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Wednesday, March 14, 2007

States look at companies tied to terror

WASHINGTON - The latest front in the war on terror begins on Wall Street. A growing number of states are considering pulling their investments out of companies that conduct business with Iran, North Korea, Sudan and Syria, all of which are on the State Department's list of terror-sponsoring nations.

Missouri led the way last year when it became the first state to order its employee pension funds to dump shares of companies that deal with those four countries. At least five other states — California, Georgia, Maryland, New Jersey and Texas — have similar legislative proposals pending.

During a news conference Tuesday, proponents of the campaign said they want investors to embrace the concept of combatting terror through financial pressure.

"It seems strange to me that we send young men and women to defend our freedom ... however, we have not yet used our most powerful weapon — America's financial markets," said Missouri State Treasurer Sarah Steelman.

Divestment as a means for political change was used successfully against South Africa's apartheid regime during the 1980s. At least six states — California, Connecticut, Illinois, Maine, New Jersey and Oregon — have begun to divest public pension funds from Sudan, where the government and its militia allies are accused of pursuing a genocide campaign in the Darfur region.

More than 400 publicly traded companies have financial dealings with terror-sponsoring nations, according to the research firm Conflict Securities Advisory Group. Most are foreign owned companies like Germany's Siemens AG, Norway's Statoil ASA and France's Alcatel SA and Total SA.

A series of executive orders already restricts U.S. companies from trading or investing in Iran.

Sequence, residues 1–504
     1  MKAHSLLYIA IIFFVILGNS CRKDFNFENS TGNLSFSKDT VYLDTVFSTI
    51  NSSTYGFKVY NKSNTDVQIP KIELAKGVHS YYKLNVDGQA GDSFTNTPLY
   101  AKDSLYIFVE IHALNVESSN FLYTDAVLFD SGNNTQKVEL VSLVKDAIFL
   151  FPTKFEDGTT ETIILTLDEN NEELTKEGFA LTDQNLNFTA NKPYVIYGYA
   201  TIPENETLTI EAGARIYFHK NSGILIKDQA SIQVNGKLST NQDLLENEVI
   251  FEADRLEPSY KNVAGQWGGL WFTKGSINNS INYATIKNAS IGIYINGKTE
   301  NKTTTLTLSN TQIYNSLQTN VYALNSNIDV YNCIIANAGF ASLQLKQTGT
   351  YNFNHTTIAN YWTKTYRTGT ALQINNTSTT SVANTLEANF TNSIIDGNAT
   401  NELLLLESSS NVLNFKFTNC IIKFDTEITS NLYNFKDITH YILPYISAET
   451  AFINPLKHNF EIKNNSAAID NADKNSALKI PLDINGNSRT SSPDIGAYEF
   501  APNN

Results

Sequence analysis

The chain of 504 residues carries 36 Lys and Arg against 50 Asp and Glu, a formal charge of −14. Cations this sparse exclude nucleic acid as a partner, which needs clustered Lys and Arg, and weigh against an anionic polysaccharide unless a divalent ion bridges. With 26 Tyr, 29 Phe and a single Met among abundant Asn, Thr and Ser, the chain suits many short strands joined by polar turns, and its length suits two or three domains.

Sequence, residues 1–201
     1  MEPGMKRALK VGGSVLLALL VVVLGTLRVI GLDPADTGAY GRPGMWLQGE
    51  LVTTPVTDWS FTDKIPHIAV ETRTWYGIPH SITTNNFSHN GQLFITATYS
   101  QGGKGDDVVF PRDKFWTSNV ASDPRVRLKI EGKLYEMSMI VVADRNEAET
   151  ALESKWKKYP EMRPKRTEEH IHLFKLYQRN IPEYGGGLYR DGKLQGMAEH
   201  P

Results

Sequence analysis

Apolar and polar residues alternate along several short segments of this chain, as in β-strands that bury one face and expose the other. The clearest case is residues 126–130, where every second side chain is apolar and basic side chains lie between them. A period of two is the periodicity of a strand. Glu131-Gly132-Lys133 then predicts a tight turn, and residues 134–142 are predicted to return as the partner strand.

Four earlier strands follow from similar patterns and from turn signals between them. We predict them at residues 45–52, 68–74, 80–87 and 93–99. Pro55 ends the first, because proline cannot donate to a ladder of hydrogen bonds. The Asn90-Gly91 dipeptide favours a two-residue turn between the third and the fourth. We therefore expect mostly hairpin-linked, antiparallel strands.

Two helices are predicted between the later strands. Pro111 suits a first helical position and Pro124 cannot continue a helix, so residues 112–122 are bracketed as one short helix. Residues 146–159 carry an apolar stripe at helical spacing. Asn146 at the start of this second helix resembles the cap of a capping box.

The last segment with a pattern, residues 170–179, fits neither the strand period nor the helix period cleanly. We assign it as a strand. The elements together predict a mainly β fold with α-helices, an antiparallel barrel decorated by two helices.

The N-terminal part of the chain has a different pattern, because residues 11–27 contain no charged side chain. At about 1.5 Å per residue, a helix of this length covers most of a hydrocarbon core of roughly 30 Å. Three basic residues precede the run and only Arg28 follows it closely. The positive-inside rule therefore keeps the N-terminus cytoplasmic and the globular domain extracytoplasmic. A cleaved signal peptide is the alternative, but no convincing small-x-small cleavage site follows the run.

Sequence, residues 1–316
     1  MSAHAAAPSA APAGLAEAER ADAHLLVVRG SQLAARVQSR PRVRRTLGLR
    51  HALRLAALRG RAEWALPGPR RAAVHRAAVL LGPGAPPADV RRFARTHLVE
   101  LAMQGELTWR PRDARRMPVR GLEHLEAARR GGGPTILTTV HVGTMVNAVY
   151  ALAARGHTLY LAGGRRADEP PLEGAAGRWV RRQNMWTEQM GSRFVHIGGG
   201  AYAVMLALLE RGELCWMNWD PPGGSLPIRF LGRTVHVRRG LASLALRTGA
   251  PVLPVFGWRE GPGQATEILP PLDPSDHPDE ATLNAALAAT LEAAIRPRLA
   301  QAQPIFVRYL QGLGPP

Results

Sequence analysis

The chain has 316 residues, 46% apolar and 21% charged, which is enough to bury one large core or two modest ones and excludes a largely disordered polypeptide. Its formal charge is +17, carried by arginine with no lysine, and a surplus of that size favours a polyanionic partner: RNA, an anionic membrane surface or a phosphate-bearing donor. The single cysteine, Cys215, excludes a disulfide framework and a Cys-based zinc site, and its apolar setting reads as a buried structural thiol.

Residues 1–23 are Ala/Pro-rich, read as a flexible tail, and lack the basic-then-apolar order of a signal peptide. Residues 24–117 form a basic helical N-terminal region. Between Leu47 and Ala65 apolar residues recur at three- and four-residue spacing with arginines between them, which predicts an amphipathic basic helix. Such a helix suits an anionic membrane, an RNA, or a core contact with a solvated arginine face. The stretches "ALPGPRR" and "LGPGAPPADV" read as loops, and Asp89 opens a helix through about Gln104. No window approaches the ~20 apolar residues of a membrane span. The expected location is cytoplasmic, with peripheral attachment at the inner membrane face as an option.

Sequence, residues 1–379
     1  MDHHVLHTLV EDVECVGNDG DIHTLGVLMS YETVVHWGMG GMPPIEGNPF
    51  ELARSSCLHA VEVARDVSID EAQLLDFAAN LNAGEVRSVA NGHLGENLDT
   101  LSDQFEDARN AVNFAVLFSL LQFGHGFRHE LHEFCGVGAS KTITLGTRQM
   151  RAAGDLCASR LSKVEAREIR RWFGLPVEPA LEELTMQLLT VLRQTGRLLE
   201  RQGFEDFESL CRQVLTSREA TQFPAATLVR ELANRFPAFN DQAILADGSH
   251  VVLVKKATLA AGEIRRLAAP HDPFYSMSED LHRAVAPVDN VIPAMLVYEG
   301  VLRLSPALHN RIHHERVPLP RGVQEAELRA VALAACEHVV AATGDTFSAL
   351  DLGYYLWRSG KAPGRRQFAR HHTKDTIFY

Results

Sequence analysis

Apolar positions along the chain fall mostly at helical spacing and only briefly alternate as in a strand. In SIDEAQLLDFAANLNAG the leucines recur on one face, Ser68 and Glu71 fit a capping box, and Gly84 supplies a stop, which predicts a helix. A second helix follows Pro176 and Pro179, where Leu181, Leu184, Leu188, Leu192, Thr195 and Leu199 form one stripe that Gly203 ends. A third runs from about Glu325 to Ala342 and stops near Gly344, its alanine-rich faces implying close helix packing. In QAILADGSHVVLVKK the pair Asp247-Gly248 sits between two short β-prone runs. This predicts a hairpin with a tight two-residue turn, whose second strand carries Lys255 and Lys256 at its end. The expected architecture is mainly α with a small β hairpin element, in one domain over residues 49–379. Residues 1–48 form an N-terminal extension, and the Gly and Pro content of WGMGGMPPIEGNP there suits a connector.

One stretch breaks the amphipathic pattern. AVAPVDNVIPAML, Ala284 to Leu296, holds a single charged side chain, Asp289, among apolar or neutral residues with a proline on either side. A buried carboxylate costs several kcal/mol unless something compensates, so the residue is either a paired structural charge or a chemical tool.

The financial impact of divestment can be enormous, said Frank Gaffney, president of the Center for Security Policy in Washington. A report from the center found the top 100 public pension funds invest in 101 companies with business in countries that sponsor terrorism. Those countries, in turn, reap about $73 billion from projects in which the companies are involved.

"It's time for terror-free investing to be made a very important, if not a central part, of what I think is best described as the war for the free world," Gaffney said.

Diplomatic pressure has already persuaded some companies to change their practices. Companies like Credit Suisse Group, UBS AG and Daimler-Benz AG recently have taken steps to curtail their financial dealings with Iran.

Rep. Brad Sherman (news, bio, voting record), D-Calif., said Tuesday he would introduce legislation to force investment fund managers to disclose companies in their portfolios that do business with Iran and require the U.S. federal employee investment fund to divest from those firms. Sherman also called on the managers of the federal Thrift Savings Program to create a terror-free fund similar to Missouri's.

Last year, Steelman helped create the International Alpha Select Fund, managed by State Street Global Advisers, to screen out the stocks of companies tied to countries that sponsor terrorism. She said the fund is getting better returns than a benchmark index.

Steelman also ended Missouri's business with financial institutions like French bank BNP, which lends money to the government of Iran. This year, Missouri will offer investors in the state's 529 college savings plan the option to invest in terror-free mutual funds.
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